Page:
Through the Atonement of Jesus Christ, justice and mercy are interdependent and interactive, demonstrating that God cannot be just without being merciful, nor merciful without being just.

Topic: Justice and Mercy
Encyclopedia of Mormonism
Edited by Daniel H. Ludlow
The History, Scripture, Doctrine, and Procedure of
The Church of Jesus Christ of Latter-day Saints
Macmillan Publishing Company (1992)

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March 21, 2016

Alma, Amulek, Condie, Fundamental Principles, General Authorities, Justice, Mercy

Comments Off on Good for That Which is Good, Righteous for That Which is Righteous

To his struggling son Corianton, Alma clearly explained that “it is requisite with the justice of God that men should be judged according to their works” (Alma 41:3). Thus, after the Resurrection and Judgment some will be “raised to happiness according to [their] desires of happiness … ; and the other[s] to evil according to [their] desires of evil” (Alma 41:5). Continuing, Alma explicitly taught that “the meaning of the word restoration is to bring back again evil for evil, or carnal for carnal, or devilish for devilish—good for that which is good; righteous for that which is righteous; just for that which is just; merciful for that which is merciful” (Alma 41:13). Alma cautioned Corianton not to suppose “that ye shall be restored from sin to happiness. Behold, I say unto you, wickedness never was happiness” (Alma 41:10).

Amulek taught Zeezrom that “we shall be brought to stand before God, knowing even as we know now, and have a bright recollection of all our guilt” (Alma 11:43). Alma explained to his son Corianton that “the word restoration more fully condemneth the sinner, and justifieth him not at all” (Alma 41:15). That is the hard, wintry side of justice, judgment, and restoration.

But there is also a merciful side of restoration. Alma declared that “mercy cometh because of the atonement,” and though “justice exerciseth all his demands, … mercy claimeth all which is her own” upon conditions of true repentance. Alma then posed the provocative question: “What, do ye suppose that mercy can rob justice? I say unto you, Nay; not one whit. If so, God would cease to be God” (Alma 42:23–25).

It is impossible for each of us to overcome the demands of justice solely through our own individual efforts. Nevertheless, we have been promised that “it is by grace that we are saved, after all we can do” (2 Ne. 25:23). Contrary to the distorted doctrine of being saved solely through grace and by predestination, the Book of Mormon teaches us that we must strive to keep the commandments and repent of our sins, and then the Savior makes up the difference.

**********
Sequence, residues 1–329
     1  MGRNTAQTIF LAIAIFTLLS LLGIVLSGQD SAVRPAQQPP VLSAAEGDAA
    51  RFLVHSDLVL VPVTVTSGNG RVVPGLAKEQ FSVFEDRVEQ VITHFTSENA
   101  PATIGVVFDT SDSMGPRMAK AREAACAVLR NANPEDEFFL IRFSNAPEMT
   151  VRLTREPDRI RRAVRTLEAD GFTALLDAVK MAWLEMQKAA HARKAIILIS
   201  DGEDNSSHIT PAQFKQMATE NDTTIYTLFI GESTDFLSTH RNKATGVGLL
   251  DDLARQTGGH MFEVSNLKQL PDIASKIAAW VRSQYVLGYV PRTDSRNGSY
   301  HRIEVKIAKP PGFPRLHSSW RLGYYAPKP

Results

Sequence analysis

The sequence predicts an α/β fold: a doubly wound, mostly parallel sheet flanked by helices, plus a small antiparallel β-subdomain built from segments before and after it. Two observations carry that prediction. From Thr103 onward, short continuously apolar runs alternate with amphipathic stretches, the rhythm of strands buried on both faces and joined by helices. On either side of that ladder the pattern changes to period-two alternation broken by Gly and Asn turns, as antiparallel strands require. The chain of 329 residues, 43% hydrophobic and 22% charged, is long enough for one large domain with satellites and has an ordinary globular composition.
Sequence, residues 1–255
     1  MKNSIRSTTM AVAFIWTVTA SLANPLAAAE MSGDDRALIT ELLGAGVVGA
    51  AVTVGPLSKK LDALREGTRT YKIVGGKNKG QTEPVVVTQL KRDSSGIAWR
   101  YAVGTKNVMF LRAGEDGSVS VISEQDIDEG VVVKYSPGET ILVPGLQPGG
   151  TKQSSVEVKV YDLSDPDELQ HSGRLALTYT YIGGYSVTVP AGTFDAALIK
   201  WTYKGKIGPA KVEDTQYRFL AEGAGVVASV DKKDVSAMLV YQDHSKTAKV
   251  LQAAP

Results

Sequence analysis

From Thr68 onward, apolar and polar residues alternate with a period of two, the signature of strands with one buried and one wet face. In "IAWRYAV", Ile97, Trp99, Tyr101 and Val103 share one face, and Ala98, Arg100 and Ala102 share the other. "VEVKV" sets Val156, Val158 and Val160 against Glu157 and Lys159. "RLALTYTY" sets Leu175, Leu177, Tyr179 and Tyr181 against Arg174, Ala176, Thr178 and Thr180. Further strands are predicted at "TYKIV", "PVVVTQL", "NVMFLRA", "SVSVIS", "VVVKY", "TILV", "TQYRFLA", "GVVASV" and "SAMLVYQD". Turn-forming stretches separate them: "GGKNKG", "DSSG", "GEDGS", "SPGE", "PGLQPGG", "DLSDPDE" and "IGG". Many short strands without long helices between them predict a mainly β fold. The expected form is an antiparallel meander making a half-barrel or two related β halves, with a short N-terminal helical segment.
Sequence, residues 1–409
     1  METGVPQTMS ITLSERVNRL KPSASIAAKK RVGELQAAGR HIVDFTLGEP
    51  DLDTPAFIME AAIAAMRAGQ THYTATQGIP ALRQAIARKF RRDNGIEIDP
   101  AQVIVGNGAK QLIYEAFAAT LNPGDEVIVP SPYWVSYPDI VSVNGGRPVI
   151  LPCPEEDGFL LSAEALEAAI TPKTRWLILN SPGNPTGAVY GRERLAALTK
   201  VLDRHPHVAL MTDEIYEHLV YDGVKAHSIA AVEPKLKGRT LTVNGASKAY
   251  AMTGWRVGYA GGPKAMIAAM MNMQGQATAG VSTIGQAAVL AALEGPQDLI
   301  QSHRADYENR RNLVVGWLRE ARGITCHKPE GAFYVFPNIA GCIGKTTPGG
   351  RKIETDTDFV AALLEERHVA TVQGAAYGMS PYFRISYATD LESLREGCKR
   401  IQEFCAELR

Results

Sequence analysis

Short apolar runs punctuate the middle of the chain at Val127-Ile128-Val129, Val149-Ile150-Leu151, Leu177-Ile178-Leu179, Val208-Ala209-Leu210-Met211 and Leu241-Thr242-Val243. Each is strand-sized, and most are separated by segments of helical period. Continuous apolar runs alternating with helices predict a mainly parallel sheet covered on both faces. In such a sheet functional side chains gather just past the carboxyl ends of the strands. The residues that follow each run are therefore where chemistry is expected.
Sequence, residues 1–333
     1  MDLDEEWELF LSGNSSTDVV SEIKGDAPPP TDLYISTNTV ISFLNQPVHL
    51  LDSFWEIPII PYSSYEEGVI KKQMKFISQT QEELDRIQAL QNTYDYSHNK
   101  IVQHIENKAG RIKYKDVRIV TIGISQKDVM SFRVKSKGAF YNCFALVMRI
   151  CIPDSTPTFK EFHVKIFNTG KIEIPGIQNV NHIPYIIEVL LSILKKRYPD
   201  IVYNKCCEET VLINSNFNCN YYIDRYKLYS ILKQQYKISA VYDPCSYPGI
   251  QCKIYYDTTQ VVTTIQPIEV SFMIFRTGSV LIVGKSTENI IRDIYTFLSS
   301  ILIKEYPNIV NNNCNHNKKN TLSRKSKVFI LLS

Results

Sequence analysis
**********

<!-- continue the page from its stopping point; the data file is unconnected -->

A necessary part of “all we can do” includes participation in essential ordinances of the gospel. Limited space will permit a discussion of only the first of these essential ordinances, which is baptism. Nephi eloquently explained that it was necessary for the Lamb of God “to be baptized by water, to fulfil all righteousness.” He then posed the soul-searching question, “O then, how much more need have we, being unholy, to be baptized, yea, even by water!” (2 Ne. 31:5.)

Elder Spencer J. Condie

The Fall and Infinite Atonement,” Ensign, Jan 1996, 22

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February 26, 2016

Covenants, Fall, Grace, Hafen, Justice, Lehi, Repentance

Comments Off on The Atonement is for All of Life, Each Day of Our Lives

The story of Adam and Eve teaches us that the Atonement is for all of life, each day of our lives. The Savior’s gracious power not only heals and comforts but is also a source of personal growth and development, leading to an understanding of life and a fullness of joy. The Atonement is thus developmental and practical, not static and abstract.

According to Lehi, “If Adam had not transgressed he would not have fallen, but he would have remained in the garden of Eden.” He and Eve “would have had no children; wherefore they would have remained in a state of innocence, having no joy, for they knew no misery; doing no good, for they knew no sin.” (2 Nephi 2:22-23.) This passage seems to say what many parents have long suspected-if they had no children, they would have no misery. Yet without children and without misery, they would also have no joy. But, taught Lehi, the Fall-with its misery, its sorrow, and even its sin-was not a mistake or an accident. The Fall was consciously designed, misery and all, to bring us joy and freedom: “Adam fell that men might be; and men are, that they might have joy. And the Messiah cometh in the fulness of time . . . that they . . . become free forever, knowing good from evil; to act for themselves.” (2 Nephi 2:25-26.)